My grandparents are buried here, in Tewantin. I remember the day we lowered Pam into the ground, it had been raining for days. I took a step back as they lowered the casket into the canopied hole dug fresh that morning, and found that I had landed the heel of my boot in the middle of a gigantic sojourning cemetary worm.
Pam and Hal had retired from a life of sheep cattle and wheat in Western NSW to the sun and the enervating salty seas of Noosa. Hal passed ten or fifteen years earlier than Pam; I don’t remember much – prostate cancer, and hushed stories of Hal fighting off the nurses in his latter bedridden days tortured with morphiaed memories of WW2 in Papua Guinea, the Japs. Japan was where my CD player came from. It didn’t connect.
We played the Majestic in Pomona a little over a week ago, with The Soldiers Wife. Again, I was drawn out on a memory – this time Pam. She’d taken me to that indeed majestic place of red velvet curtains and wooden floor boards in my late teens to watch the silent movie The Son Of The Sheik, accompanied by live theatre organ and flickering subtitles. I didn’t think of Egypt, of Hal in Tobruk. I didn’t feel the heat of the dessert dunes. I thought Rudolph Valentino was hot.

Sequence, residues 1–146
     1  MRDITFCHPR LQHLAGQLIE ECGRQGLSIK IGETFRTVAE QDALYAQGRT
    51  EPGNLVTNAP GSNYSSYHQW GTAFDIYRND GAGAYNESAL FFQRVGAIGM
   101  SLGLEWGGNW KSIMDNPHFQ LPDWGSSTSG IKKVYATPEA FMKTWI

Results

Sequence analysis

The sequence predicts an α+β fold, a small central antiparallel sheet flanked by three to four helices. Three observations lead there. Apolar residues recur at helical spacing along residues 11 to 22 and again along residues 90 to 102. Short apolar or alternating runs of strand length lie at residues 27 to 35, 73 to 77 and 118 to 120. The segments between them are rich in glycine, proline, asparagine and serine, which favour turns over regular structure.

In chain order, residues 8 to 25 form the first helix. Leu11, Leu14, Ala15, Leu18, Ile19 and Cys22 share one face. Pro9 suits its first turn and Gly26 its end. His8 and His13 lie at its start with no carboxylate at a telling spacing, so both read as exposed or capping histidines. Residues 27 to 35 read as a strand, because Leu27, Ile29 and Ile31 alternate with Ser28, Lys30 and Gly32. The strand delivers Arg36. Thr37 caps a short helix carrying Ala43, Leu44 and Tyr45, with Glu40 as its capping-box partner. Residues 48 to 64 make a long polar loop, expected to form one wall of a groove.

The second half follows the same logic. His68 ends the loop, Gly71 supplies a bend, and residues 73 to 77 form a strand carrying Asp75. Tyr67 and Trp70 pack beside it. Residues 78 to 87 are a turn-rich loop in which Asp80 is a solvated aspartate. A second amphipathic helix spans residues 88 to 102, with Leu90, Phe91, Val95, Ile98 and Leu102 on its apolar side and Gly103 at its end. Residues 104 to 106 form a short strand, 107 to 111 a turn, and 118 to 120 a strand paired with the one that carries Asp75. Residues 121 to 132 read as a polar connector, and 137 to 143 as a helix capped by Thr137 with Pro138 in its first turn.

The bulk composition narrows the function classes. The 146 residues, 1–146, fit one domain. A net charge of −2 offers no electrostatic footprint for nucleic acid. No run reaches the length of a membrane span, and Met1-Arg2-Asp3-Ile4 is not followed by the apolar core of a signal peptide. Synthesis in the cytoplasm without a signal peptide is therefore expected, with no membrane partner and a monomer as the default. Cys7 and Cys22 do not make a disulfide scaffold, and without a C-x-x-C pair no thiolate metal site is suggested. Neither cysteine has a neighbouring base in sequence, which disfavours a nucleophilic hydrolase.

You can’t beat yourself up for youthful ignorance, I think now. Think of that ignorance as a protection in that moment. Too young. On Saturday, after the Pomona show, we launched ourselves into the Partners Of Veterans Association two-yearly social bash at Standdown Park, north of Gympie. We swan about in costume and hug Anne, Pam, the true wives we’ve come to know and admire. Bertie and I jump up onstage with the Australian Army Band (Brisbane) for a song and a dance. And we sing our songs, songs inspired by our audience, and the air is still and everyone is silent. And afterwards, a few gentle conversations, more hugs, the gratitude of the women, that they be heard, and us, swamped with gratitude for having found a way to make our songwriting gifts valuable to the community.
What is it that makes telling your story to a stranger so powerful? How can six women roll into a regional town and extract tales and narrative about sensitive, emotional issues from the local residents and walk away with superbly written songs? Songs revealing the true life of the families of the thousands of war veterans who served their country in the countless battles that have scarred our nation’s history. Songs that will travel the state and be retold to the strangers who sit in drafty halls, drawn in by curiosity and intrigue, longing to hear the tales that will be lost with the passage of time.